Don't Miss the Next CCA Webinar

The "DB-ification" of DC Plans

05/08/2019 - 11:30 AM – 12:45 PM CT
Credits: EA Non-Core 1.50, CPD 1.50

As the Baby Boomers retire without the benefit of pensions, how can employers help them manage their longevity and investment risks? The presenters will discuss the latest retirement income strategies and tools available to employers along with prospects for pending legislation. In this session, you will learn more about the products and services available to your clients as they transition their DC plans from savings vehicles to retirement vehicles.


1. Barbara J. Ruel - Mercer
2. Neil J. Lloyd - Mercer
3. Steven G. Vernon - Rest-of-Life Communications
4. Kelli Hueler - Hueler Companies, Inc.

2019 Webinar Series

Registration for the entire 2019 CCA Webinar Series is open for individual events and series subscriptions. Click here to view the expanded offerings and options for 2019. For detailed information about registration options, please review the Webinar Policy and Fees Document (PDF).

Experience the Latest in On-Demand Education from CCA

Have an upcoming client meeting in the health sector and are just starting out or need a refresher course? Where do you go?

Look no further than CCA’s new E-Learning module: Demographic Contributions to Medical Expense Cost and Trends. Developed by CCA with the assistance of Mercer Partner Rich Bailey, this module guides you through how demographic data such as age, gender, and location contribute to the potential cost of employee medical expense.  

This interactive module is available at no cost. 

Visit the E-Learning Section under Education to learn more!

Message From the CCA President

Actuarial science is not an exact science…for now.

More often than not, our work product will be influenced by multiple, acceptable methodologies and/or a spectrum of reasonable assumptions that will produce a range of actuarially sound models and results. Technology, however, is conspiring to change this.  While it’s not likely to change the results of our work to a single point solution in the near future at least, technology is tightening the range.

The availability of “Big Data” and predictive modeling techniques is allowing actuaries to apply more precision to our work.  Information captured from Electronic Health Records, like Social Determinants of Health (SDOH), are helping healthcare actuaries better predict the prevalence and cost of large claims. It’s also assisting healthcare providers through more meaningful interactions with their patients to improve care.  The availability of new information is not only enhancing our predictive abilities but also requiring us to monitor how these are being used that could affect the range of reasonable outcomes.  As an example, incorporating SDOH into predictive modeling can help better identify populations that may be more susceptible to conditions that result from neglect of care or opioid abuse.  This will likely alter “typical” health care utilization and cost and result in improved mortality rates.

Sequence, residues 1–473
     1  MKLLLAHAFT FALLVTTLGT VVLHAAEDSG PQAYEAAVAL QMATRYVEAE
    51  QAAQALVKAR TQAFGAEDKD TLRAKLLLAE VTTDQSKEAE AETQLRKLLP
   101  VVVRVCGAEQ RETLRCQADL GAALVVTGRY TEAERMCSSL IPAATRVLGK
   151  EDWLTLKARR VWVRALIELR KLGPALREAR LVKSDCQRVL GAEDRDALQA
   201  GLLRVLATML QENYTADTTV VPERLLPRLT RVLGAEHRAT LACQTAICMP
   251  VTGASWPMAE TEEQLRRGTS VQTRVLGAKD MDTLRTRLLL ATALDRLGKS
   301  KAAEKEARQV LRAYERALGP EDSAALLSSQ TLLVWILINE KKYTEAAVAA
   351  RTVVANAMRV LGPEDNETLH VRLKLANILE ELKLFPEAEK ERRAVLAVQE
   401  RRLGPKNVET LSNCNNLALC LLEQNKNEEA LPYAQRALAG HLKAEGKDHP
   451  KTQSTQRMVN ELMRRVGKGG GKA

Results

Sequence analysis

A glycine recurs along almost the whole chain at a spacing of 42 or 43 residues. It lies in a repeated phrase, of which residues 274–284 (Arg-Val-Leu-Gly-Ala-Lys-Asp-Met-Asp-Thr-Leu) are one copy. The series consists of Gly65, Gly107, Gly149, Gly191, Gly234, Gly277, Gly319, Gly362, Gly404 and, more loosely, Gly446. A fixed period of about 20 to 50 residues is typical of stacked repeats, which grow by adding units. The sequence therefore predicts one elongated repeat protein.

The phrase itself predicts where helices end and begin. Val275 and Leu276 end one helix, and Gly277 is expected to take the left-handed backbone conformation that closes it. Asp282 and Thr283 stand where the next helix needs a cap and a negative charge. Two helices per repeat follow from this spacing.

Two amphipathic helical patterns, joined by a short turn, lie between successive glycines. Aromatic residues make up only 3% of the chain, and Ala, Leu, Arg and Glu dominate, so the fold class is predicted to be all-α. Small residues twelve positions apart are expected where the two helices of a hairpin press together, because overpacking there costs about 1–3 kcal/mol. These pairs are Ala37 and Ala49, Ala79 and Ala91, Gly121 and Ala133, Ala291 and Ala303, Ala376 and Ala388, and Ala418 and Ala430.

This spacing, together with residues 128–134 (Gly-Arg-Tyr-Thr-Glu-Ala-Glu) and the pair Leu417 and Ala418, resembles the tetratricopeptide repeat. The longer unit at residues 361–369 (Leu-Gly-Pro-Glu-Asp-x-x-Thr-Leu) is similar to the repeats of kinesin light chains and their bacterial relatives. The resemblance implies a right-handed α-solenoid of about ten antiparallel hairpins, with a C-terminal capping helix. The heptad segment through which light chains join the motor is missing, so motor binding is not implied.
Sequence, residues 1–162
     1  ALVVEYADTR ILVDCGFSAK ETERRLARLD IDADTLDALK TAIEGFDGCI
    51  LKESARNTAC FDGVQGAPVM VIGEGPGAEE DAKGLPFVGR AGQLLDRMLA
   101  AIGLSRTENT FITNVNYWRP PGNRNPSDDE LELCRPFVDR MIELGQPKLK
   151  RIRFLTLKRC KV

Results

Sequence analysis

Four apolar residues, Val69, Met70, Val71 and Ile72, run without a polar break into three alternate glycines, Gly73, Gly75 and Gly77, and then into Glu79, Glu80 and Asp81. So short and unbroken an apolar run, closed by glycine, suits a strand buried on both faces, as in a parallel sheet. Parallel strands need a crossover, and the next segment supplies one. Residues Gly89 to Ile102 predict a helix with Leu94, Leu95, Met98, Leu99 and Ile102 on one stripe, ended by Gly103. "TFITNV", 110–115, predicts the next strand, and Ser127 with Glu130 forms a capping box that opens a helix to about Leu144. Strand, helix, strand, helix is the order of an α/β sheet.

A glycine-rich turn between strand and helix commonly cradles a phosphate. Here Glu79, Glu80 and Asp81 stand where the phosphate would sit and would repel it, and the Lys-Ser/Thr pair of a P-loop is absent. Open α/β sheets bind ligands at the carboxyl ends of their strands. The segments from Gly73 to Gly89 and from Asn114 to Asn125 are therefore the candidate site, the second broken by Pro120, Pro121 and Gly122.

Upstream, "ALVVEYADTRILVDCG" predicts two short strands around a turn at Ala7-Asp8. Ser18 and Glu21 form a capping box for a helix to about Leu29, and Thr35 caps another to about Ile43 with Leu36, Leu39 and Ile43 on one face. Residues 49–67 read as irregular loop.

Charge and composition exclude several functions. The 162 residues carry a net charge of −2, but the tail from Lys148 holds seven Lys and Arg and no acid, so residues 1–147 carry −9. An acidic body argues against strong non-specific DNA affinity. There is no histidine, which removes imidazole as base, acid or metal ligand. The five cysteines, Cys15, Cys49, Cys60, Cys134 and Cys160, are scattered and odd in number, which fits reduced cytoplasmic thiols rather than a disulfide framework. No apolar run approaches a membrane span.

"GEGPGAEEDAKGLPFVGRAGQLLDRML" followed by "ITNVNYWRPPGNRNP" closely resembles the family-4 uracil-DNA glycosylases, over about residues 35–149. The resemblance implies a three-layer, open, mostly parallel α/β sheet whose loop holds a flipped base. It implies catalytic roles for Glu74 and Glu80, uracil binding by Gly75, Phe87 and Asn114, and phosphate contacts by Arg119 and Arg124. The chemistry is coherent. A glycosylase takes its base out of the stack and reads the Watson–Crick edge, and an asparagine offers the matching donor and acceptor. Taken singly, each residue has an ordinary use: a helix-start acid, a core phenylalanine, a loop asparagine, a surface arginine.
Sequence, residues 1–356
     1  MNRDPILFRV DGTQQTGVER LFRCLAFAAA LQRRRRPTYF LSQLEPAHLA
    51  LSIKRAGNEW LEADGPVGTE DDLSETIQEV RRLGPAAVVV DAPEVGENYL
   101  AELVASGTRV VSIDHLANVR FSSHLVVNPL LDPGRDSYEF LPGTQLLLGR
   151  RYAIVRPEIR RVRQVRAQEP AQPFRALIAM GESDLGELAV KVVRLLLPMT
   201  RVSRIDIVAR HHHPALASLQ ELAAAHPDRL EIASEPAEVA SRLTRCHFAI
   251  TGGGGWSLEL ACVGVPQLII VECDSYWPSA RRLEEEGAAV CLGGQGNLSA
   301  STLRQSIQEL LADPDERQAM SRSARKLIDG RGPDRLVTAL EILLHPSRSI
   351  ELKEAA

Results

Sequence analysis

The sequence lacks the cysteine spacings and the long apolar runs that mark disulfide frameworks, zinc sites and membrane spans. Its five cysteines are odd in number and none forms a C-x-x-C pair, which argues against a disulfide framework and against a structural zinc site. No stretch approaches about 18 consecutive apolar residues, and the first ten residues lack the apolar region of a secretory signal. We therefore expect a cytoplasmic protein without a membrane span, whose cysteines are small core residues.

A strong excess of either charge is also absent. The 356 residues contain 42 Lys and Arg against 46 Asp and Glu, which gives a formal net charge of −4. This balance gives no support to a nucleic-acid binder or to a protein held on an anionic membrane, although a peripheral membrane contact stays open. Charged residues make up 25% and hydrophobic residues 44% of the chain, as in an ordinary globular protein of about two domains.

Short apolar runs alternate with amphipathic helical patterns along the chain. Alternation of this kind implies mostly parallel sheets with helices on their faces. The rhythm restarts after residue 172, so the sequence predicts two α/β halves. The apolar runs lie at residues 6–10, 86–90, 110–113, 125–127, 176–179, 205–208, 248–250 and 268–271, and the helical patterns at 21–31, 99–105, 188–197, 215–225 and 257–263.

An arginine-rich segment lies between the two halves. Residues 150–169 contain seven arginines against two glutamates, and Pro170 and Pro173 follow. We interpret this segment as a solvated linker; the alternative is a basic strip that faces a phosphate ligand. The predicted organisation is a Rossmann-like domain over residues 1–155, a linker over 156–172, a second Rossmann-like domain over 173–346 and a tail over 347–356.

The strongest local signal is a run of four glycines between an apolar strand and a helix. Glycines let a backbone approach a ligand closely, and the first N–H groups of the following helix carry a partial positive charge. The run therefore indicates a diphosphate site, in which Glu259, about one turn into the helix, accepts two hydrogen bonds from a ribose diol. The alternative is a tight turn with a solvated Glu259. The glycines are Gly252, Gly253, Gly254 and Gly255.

Blockchain technology, through its defining features of decentralization, immutability, and transparency, has the promise to create efficiencies in the financial and healthcare industries (among others).  Blockchain will improve the reliability and quality of the information used by actuaries as well as speed up transactional processing time.  In the financial arena, blockchain can improve our understanding of the risk profile of financial instruments leading to better definition of rates of return.  This technology will also have profound effects on healthcare claims processing, diminishing the lag time between when a claim is incurred and when it is eventually paid in addition to reducing payment error rates.  Clearly actuaries need to monitor the progress of this 10 year-old technology as it morphs into more widespread use.

Additionally, technology that is used to measure our body’s vital signs in real-time has moved from a wired environment in a hospital setting to less intrusive means of interaction within our everyday lives.  Wearable devices can measure cortisol in sweat to provide an objective gauge of emotional or physical stress and tell if a patient's adrenal or pituitary gland is working properly.  Researchers have designed a toilet seat that can detect congestive heart failure.  These are just two examples that represent the intersection of the physical and computing world that define artificial intelligence.  This type of real-time information, whether used solely by the user or linked to healthcare providers, can help identify health conditions sooner, potentially reducing long-term cost of care and improving mortality.

The inexact nature of what we do everyday places a greater burden on our profession and on us as actuaries to make sure we are appropriately trained for what we do.  Additionally, the environmental changes affecting the models and assumptions we use today require us to continually assess our work and make appropriate adaptations.  We are obligated to the people and institutions that rely on our work product, including our clients, the government, and the general public to be educated and conduct ourselves in a manner that maintains their trust in all we do.  These are the primary reason we need continued education, not simply to meet a standard imposed by our profession.